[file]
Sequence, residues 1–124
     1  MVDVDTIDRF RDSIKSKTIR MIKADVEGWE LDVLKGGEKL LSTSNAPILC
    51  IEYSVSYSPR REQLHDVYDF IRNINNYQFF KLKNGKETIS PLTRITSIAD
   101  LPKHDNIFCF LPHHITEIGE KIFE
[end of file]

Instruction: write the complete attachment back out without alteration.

Sequence, residues 1–124
     1  MVDVDTIDRF RDSIKSKTIR MIKADVEGWE LDVLKGGEKL LSTSNAPILC
    51  IEYSVSYSPR REQLHDVYDF IRNINNYQFF KLKNGKETIS PLTRITSIAD
   101  LPKHDNIFCF LPHHITEIGE KIFE